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Jewish World Review August 12, 2002 / 4 Elul, 5762

Andy Rooney

Andy Rooney
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The preemptive strike | It is possible to imagine a time in five years, after New York and Washington have been destroyed and millions of people killed with biological or nuclear weapons. Won't those Americans left alive ask why we didn't attack and eliminate Saddam Hussein years before when we could have done it easily? Like in 2002.

Unfortunately, it's easy to imagine our living to regret an all-out attack on Iraq, too. We simply don't know what capacity Hussein has to retaliate. A great many Americans would object to our attacking another nation for any reason. There are people with strong moral objections to our being the aggressor. Even though we would have saved a lot of time, trouble and American lives if we'd attacked Germany before Hitler conquered all of Europe, opposition to our entry into World War II was strong . It was hard to convince the American people that we had to go to war even after Hitler had moved into France. Stories about concentration camps where Jews were being murdered seemed like propaganda designed to suck us into a war that was none of our business. President Roosevelt was even accused of baiting the Japanese to attack Pearl Harbor as a trick to get the American people to support our entry into the war.

It seems likely that most Americans do not think we should attack Iraq. In spite of public sentiment, there is evidence that the Bush administration is ignoring us and proceeding on a course that's going to take us to war. It scares the hell out of me, but I would not want to have to put my name on a petition opposing such a move.

Hussein has refused to let U.N. observers see what he's doing. We have to trust that President Bush and his military advisors know things about Saddam Hussein, his weapons and his intentions, that we do not. What our military people know must make an attack an urgent necessity or they wouldn't be planning one. I hope. We have to put a lot of trust in some people who haven't been very trustworthy. As Americans, we have to believe they know what they're doing. We don't like it, but the alternative, if we were wrong and substantial parts of the United States were destroyed, is too terrible to contemplate.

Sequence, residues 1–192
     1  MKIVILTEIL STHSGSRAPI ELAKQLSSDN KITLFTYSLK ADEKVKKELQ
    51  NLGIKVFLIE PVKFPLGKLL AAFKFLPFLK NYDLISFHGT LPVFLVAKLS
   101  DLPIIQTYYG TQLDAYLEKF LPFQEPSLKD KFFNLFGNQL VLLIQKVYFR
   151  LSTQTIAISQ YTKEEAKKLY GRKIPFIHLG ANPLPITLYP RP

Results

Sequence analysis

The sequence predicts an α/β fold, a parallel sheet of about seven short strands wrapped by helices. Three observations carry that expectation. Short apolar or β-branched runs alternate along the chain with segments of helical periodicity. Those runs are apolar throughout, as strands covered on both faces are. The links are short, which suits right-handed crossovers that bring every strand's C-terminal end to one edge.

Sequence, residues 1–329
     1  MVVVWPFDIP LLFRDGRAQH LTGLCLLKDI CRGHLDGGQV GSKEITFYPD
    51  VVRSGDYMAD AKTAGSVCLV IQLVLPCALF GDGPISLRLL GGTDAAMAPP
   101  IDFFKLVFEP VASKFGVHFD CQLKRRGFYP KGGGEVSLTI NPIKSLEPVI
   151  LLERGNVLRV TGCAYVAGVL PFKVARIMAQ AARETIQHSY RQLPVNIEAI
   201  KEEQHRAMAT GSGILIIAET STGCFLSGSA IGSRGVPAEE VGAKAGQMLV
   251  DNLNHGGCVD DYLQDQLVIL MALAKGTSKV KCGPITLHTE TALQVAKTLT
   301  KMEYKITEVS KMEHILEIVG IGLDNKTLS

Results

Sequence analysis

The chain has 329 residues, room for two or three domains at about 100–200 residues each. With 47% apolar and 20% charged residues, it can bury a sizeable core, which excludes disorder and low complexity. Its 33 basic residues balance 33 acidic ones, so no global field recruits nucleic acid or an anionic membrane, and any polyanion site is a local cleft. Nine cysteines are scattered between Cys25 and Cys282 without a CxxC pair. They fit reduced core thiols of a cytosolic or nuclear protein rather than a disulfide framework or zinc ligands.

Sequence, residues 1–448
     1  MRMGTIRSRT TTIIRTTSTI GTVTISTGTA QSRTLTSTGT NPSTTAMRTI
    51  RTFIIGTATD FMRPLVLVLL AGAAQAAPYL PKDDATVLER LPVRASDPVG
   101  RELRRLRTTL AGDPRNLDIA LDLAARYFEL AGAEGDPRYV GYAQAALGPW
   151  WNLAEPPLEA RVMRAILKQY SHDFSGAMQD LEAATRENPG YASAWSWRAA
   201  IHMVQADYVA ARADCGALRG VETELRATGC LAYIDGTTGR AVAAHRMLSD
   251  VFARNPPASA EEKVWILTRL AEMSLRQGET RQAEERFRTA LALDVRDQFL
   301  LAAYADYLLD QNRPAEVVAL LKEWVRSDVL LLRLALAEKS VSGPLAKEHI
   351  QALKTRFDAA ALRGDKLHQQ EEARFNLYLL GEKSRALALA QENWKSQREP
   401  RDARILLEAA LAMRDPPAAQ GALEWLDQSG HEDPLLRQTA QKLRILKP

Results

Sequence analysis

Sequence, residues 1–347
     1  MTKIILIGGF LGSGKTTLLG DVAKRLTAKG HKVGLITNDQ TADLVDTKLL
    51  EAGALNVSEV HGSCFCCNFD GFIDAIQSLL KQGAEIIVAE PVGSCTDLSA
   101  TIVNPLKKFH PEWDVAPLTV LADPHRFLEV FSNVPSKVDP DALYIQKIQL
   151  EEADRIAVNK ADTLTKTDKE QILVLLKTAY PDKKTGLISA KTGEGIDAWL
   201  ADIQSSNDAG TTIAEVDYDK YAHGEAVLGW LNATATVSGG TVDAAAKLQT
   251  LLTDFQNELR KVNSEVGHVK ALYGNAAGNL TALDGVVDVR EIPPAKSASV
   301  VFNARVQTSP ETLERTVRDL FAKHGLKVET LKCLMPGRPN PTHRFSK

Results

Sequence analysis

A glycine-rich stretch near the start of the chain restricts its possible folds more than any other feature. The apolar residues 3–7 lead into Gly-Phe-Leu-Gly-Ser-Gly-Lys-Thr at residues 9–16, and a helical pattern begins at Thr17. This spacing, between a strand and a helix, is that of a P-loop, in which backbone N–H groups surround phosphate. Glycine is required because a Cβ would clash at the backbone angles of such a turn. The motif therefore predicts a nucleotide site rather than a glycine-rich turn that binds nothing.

Most Americans don't know Iran from Iraq, or either one from Saudi Arabia. Iraq is a little bigger than California in square miles. Iran has the most people, 66 million; Saudi Arabia the most land, if you call sand land. It's three times as big as Texas. Iraq has only 23 million people, slightly more than Saudi Arabia.

These three countries are swimming in oil. The people don't have to lift a finger to prosper. It's as if they have a money tree and only have to shake it to get what they want. They have very little industry and little farming.

The people in important positions in our government are not agreed on who the bad guys are in the Middle East. Saudi Arabia is on our official list of "friends," but a recent study presented to top-ranking Pentagon officials said that "Saudi Arabia supports our enemies and attacks our allies." The report went on to say that Saudi Arabia "is the most dangerous opponent" in the Middle East.

That briefing included a suggestion that if Saudi Arabia didn't cease its anti-American activities, we should move in and take over its oil fields. This is macho stuff that a segment of our population loves. I'm a little soft on it myself. The idea of gas for 50 cents a gallon is appealing. Saudi Arabia couldn't do much about it if we decided to move in. The nation's military forces are weak and they don't have Saddam Hussein's nuclear or biological weapons.

There are just so many countries we can take on as enemies. We better start making more friends. If we move on Iraq, and it looks as if that's what we're going to do, I hope President George W. Bush is da-n sure we know what we're doing.

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